13. ^ Kamm, Oliver "Help, I'm a pro-war leftie", The Times, 2 May 2005
  14. ^ "Statement of Principles", Henry Jackson Society, 11 March 2005, as saved by the Web Archive on 15 June 2006
  15. ^ a b Oliver Kamm "Bush made the world a safer place", The Guardian, 17 June 2008
  16. ^ Kamm, Oliver "The liberal case for returning Bush to the White House", Oliver Kamm's weblog, 9 July 2004
  17. ^ Kamm, Oliver "Time for the Left to be brave again", The Times, 7 November 2005
  18. ^ "The legalities of the Iraq war", BBC Radio 5 Live, 27 January 2010
  19. ^ Wilby, Peter "The Media Column", New Statesman, 24 April 2006
  20. ^ Kamm, Oliver "James Callaghan", Oliver Kamm's weblog, 30 March 2005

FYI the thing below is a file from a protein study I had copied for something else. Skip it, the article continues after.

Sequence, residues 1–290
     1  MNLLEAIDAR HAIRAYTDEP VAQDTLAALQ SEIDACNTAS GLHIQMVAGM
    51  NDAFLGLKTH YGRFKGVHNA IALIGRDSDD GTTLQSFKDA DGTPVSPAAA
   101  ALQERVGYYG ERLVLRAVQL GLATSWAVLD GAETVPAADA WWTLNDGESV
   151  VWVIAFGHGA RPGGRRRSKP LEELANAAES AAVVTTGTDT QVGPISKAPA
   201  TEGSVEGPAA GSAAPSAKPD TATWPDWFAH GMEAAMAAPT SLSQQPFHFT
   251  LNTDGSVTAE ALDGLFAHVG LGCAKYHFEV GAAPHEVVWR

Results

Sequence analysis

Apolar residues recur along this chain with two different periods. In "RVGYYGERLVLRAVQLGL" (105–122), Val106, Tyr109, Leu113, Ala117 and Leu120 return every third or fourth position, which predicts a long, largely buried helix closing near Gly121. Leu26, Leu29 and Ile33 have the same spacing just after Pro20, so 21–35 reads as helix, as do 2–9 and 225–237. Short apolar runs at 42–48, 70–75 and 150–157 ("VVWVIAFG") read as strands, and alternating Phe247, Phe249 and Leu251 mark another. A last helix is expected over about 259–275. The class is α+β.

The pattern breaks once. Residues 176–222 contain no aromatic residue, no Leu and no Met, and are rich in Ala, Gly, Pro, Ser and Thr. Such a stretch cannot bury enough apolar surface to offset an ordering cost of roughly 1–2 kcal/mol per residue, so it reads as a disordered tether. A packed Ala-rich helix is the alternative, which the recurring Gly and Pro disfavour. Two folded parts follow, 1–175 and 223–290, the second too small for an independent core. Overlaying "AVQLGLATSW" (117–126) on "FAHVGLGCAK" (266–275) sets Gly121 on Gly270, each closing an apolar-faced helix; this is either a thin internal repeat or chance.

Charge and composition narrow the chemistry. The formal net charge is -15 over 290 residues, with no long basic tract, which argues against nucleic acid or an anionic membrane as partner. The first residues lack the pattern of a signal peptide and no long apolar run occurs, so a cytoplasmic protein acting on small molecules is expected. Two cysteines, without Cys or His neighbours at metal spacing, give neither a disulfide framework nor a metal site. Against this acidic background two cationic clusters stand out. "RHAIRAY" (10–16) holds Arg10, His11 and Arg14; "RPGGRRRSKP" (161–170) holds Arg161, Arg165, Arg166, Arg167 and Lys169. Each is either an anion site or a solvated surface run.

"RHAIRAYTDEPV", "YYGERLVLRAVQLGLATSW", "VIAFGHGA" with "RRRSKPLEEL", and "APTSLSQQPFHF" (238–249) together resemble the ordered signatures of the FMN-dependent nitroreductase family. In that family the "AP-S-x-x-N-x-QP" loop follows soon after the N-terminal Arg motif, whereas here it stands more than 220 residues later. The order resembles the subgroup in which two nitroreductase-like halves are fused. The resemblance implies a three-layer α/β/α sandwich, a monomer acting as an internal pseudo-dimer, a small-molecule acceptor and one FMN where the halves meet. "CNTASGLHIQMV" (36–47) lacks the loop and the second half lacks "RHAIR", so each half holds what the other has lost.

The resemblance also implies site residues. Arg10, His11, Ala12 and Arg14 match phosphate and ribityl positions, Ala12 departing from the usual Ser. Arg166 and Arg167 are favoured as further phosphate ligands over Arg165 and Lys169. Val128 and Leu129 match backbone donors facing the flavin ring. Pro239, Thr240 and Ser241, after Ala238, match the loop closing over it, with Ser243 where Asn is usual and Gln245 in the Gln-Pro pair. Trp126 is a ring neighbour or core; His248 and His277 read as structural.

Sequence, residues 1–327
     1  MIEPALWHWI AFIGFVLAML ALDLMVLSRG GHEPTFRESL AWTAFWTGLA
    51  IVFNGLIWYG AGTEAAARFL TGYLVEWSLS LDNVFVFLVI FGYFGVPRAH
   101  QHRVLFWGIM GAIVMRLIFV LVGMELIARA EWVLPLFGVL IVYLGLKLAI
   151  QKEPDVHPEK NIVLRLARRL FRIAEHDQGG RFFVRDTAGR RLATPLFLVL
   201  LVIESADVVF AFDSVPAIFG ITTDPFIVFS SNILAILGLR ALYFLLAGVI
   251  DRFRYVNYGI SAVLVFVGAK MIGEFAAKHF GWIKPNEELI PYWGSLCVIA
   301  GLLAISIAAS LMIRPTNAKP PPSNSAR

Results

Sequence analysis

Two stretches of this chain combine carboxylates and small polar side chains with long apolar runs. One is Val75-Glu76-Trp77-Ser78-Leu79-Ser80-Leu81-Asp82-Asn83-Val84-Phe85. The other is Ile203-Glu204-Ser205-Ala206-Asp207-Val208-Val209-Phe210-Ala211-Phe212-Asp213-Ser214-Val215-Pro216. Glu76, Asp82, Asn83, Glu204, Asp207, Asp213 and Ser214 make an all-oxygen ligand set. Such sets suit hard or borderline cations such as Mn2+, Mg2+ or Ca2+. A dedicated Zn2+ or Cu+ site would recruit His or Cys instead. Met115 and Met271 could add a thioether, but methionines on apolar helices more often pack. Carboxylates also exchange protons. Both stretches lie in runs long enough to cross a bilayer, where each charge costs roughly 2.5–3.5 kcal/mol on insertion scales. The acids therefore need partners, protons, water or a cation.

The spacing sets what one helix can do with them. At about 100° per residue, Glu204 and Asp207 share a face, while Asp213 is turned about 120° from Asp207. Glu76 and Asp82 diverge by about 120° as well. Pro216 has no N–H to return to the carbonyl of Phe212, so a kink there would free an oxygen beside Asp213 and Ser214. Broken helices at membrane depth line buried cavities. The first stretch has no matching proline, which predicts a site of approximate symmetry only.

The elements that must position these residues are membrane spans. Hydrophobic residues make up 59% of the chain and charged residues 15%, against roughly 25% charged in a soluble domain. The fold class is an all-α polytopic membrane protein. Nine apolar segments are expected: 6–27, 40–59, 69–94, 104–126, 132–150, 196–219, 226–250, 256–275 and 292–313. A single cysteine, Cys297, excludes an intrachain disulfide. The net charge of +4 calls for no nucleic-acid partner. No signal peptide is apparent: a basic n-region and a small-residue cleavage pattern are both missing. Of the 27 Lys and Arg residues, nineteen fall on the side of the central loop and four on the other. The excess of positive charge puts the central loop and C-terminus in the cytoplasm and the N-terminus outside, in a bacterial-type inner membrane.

21. ^ Kamm, Oliver "Ordinary rendition", The Guardian, 11 March 2008
  22. ^ Kamm, Oliver "An Unlikely Champion", Index on Censorship, 16 October 2009
  23. ^ Kamm, Oliver (21 March 2010). "The bombing of Dresden cannot be used to diminish the holocaust". The Times. Retrieved 17 September 2010. 
  24. ^ Kamm, Oliver "This is no time to give up on the euro", New Statesman, 29 September 2011
  25. ^ Contributor page, The Jewish Chronicle
  26. ^ Contributor page, Prospect
  27. ^ Contributor page, The Guardian
  28. ^ Kamm, Oliver "For and against Chomsky", Prospect 116, November 2005
  29. ^ "The Prospect/FP "Global public intellectuals poll—results", Prospect magazine's website
  30. ^ Chomsky, Noam. "We Are All Complicit", Prospect 118, January 2006 (abridged version); the full version is available at chomsky.info
  31. ^ Kamm, Oliver. "Kamm replies to Chomsky", Prospect 119, February 2006
  32. ^ Oliver Kamm and John Rentoul "To split infinitives or not?", The Independent on Sunday, 15 February 2015

External links[edit]